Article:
New fecal test for non-invasive Helicobacter pylori detection: A diagnostic accuracy study

Andrea Iannone, Floriana Giorgio, Francesco Russo, Giuseppe Riezzo, Bruna Girardi, Maria Pricci, Suetonia C Palmer, Michele Barone, Mariabeatrice Principi, Giovanni Fm Strippoli, Alfredo Di Leo, Enzo Ierardi

Research output: Contribution to journalArticlepeer-review

Abstract

AIM: To assess the diagnostic accuracy of a new fecal test for detecting Helicobacter pylori (H. pylori), using13C-urea breath test as the reference standard, and explore bacterial antibiotic resistance.

METHODS: We conducted a prospective two-center diagnostic test accuracy study. We enrolled consecutive people≥ 18 years without previous diagnosis of H. pylori infection, referred for dyspepsia between February and October 2017. At enrollment, all participants underwent 13C-urea breath test. Participants aged over 50 years were scheduled to undergo upper endoscopy with histology. Participants collected stool samples 1-3 d after enrollment for a new fecal investigation (THD fecal test). The detection of bacterial 23S rRNA subunit gene indicated H. pylori infection. We also used the index diagnostic test to examine mutations conferring resistance to clarithromycin and levofloxacin. Independent investigators analyzed index test and reference test standard results blinded to the other test findings. We estimated sensitivity, specificity, positive (PPV) and negative (NPV) predictive value, diagnostic accuracy, positive and negative likelihood ratio (LR), together with 95% confidence intervals (CI).

RESULTS: We enrolled 294 consecutive participants (age: Median 37.0 years, IQR: 29.0-46.0 years; men: 39.8%). Ninety-five (32.3%) participants had a positive13C-urea breath test. Twenty-three (7.8%) participants underwent upper endoscopy with histology, with a full concordance between 13C-urea breath test and histology in detecting H. pylori infection. Four (1.4%) out of the 294 participants withdrew from the study after the enrollment visit and did not undergo THD fecal testing. In the 290 participants who completed the study, the THD fecal test sensitivity was 90.2% (CI: 84.2%-96.3%), specificity 98.5% (CI:96.8%-100%), PPV 96.5% (CI: 92.6%-100%), NPV 95.6% (CI: 92.8%-98.4%), accuracy 95.9% (CI: 93.6%-98.2%), positive LR 59.5(CI: 19.3-183.4), negative LR 0.10 (CI: 0.05-0.18). Out of 83 infected participants identified with the THD fecal test, 34 (41.0%) had bacterial genotypic changes consistent with antibiotic-resistant H. pylori infection. Of these, 27 (32.5%) had bacterial strains resistant to clarithromycin, 3 (3.6%) to levofloxacin, and 4 (4.8%) to both antibiotics.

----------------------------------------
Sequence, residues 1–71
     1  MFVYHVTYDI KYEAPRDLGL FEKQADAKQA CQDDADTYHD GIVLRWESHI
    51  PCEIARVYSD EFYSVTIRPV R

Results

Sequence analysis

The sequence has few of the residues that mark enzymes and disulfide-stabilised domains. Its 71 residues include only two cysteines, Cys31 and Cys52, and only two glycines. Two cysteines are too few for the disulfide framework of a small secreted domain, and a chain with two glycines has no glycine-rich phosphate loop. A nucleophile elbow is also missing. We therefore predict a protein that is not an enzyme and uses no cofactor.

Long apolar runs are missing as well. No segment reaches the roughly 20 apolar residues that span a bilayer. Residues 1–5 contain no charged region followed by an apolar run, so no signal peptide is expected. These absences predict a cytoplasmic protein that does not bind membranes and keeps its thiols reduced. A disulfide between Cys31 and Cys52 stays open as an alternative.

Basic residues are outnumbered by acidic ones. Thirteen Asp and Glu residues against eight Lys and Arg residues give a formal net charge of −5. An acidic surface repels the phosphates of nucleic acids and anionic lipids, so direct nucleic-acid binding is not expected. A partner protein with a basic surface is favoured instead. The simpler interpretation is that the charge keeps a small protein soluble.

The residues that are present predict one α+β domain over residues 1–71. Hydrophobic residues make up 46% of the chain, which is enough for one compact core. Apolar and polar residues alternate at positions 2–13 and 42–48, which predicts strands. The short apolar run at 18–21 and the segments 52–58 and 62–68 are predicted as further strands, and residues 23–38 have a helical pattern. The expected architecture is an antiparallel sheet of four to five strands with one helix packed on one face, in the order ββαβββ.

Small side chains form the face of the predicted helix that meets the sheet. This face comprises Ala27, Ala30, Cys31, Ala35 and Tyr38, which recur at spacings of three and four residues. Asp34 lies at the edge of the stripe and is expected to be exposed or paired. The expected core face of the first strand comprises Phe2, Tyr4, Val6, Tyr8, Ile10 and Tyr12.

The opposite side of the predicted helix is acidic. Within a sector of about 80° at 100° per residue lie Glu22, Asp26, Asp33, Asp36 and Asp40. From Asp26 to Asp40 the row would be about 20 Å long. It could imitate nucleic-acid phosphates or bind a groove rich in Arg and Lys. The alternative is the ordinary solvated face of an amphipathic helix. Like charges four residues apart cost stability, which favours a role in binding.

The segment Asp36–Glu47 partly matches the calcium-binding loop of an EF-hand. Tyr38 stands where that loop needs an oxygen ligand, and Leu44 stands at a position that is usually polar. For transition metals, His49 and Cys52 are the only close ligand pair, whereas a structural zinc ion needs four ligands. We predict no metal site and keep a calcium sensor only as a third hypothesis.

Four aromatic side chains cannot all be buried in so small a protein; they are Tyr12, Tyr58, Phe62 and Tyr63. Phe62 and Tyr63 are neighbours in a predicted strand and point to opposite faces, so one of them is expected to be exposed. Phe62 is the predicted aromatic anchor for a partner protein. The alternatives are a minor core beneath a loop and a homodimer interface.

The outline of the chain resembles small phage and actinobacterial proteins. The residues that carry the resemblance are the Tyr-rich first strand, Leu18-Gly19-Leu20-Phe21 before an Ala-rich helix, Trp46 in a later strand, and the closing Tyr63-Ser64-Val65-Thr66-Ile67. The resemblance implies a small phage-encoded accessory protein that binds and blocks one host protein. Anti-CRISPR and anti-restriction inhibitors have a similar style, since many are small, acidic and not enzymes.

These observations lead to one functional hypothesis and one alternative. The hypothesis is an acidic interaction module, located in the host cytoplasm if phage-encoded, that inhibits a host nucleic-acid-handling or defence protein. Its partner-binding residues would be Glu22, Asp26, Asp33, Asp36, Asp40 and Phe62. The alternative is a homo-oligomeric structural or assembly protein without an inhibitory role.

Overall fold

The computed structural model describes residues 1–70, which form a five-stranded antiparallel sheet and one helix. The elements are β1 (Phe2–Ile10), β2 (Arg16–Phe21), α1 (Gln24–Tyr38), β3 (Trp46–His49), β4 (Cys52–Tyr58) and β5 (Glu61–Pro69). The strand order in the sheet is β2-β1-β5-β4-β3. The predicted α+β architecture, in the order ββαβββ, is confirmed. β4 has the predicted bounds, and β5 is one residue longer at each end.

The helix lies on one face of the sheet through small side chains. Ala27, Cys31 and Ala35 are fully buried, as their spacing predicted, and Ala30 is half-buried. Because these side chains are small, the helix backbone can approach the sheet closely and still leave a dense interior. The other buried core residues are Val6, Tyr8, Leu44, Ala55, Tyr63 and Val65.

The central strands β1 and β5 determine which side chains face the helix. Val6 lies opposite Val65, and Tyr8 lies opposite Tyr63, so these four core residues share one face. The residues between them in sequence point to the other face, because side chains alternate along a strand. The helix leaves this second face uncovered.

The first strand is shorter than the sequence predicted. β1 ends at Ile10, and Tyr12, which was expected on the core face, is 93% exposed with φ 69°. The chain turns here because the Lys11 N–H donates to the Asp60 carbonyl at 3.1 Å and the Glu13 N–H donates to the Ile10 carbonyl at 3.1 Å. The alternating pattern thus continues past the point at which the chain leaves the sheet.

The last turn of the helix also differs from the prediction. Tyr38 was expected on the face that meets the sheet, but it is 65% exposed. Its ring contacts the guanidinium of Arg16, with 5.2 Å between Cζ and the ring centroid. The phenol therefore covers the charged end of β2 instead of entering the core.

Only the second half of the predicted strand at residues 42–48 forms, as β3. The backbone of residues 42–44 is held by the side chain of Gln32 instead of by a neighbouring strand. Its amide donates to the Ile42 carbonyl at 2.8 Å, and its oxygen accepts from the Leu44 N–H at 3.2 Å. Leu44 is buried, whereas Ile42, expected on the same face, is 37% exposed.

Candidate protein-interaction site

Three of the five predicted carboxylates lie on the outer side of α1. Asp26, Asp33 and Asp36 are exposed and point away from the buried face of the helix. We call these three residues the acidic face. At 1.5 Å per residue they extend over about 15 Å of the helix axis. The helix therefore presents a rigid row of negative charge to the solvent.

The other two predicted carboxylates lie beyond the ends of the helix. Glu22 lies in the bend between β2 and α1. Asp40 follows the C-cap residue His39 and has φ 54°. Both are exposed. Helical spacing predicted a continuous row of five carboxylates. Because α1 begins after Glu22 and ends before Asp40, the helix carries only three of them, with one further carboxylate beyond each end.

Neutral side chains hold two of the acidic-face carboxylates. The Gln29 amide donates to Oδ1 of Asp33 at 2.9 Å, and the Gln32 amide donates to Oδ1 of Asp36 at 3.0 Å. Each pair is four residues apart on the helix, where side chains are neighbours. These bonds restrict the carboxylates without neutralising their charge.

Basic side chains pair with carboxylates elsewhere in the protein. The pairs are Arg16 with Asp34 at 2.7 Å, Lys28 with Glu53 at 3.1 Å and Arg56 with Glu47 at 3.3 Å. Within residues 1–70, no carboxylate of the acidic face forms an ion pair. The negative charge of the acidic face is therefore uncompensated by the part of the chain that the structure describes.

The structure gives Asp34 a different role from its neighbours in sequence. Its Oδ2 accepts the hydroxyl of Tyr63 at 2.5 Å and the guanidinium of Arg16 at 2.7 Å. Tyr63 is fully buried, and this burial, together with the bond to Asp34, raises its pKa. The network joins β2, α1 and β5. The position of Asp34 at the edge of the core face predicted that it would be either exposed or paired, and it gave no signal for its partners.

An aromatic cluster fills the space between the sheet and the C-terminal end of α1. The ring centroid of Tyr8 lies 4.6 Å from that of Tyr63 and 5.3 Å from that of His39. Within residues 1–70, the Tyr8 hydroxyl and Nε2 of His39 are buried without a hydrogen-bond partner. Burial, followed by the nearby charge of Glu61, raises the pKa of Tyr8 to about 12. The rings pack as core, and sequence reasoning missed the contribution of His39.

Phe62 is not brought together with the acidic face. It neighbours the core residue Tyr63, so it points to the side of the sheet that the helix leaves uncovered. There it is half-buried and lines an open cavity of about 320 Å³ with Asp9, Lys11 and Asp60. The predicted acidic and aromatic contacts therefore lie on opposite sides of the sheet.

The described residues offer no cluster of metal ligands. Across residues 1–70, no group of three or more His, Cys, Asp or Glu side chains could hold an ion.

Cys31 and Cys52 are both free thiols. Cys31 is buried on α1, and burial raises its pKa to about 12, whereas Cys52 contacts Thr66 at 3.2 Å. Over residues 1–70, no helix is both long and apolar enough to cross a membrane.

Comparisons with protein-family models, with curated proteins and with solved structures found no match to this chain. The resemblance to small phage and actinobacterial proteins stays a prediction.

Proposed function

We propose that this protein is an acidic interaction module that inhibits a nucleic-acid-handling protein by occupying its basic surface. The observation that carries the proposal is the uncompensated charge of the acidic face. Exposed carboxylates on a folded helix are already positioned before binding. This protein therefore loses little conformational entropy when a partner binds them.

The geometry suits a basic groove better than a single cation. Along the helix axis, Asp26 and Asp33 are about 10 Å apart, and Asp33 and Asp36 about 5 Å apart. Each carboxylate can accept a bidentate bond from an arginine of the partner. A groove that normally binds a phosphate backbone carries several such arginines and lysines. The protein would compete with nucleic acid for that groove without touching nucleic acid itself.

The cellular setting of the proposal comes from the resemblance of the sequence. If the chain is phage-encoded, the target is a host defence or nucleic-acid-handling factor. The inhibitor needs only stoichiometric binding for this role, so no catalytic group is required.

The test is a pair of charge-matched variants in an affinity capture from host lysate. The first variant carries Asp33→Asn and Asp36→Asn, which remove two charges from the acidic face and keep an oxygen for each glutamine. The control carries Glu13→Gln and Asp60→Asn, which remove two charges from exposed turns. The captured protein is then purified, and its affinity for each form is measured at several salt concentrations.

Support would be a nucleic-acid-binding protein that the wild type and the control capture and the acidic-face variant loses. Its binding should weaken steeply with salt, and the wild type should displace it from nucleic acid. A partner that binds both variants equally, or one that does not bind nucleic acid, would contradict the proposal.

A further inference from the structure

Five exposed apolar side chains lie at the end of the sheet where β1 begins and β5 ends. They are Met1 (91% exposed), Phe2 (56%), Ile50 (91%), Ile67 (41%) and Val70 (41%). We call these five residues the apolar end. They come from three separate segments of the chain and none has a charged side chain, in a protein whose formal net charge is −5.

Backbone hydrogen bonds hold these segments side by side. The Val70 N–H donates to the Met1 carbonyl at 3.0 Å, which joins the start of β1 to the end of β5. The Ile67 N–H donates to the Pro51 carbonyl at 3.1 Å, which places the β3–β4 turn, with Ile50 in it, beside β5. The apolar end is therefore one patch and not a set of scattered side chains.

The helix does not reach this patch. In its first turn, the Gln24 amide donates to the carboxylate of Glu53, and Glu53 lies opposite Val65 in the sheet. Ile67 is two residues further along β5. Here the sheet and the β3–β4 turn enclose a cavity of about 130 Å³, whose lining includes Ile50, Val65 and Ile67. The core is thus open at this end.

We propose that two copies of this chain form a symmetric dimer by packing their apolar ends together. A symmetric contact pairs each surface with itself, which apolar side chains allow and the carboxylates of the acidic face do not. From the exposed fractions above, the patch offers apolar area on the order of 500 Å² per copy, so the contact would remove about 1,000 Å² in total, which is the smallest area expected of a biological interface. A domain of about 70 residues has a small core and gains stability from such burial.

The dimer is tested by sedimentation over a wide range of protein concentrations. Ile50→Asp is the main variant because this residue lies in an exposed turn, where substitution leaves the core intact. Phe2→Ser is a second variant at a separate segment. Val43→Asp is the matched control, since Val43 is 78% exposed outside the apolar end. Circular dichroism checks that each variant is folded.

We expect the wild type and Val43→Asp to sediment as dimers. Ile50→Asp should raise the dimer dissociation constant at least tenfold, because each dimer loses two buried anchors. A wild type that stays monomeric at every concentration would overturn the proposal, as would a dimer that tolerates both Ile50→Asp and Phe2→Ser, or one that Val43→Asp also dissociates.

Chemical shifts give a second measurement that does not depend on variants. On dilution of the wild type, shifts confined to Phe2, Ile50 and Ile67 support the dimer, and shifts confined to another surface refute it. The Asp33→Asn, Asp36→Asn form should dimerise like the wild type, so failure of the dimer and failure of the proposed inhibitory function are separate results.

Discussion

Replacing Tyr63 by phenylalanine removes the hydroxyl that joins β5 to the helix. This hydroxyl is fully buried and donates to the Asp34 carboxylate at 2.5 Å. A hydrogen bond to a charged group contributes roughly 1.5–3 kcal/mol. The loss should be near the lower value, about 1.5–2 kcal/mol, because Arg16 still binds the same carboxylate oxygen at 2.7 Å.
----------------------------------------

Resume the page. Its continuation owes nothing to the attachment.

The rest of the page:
CONCLUSION: The THD fecal test has high performance for the non-invasive diagnosis of H. pylori infection while additionally enabling the assessment of bacterial antibiotic resistances.

Original languageEnglish
Pages (from-to)3021-3029
Number of pages9
JournalWorld Journal of Gastroenterology
Volume24
Issue number27
DOIs
Publication statusPublished - Jul 21 2018

Keywords

  • Adult
  • Anti-Bacterial Agents/pharmacology
  • Breath Tests/methods
  • Clarithromycin/pharmacology
  • Cross-Sectional Studies
  • DNA, Bacterial/genetics
  • Drug Resistance, Bacterial/genetics
  • Feces/chemistry
  • Female
  • Helicobacter Infections/diagnosis
  • Helicobacter pylori/genetics
  • Humans
  • Levofloxacin/pharmacology
  • Male
  • Middle Aged
  • Point Mutation
  • Predictive Value of Tests
  • Prospective Studies
  • Reference Standards
  • Sensitivity and Specificity

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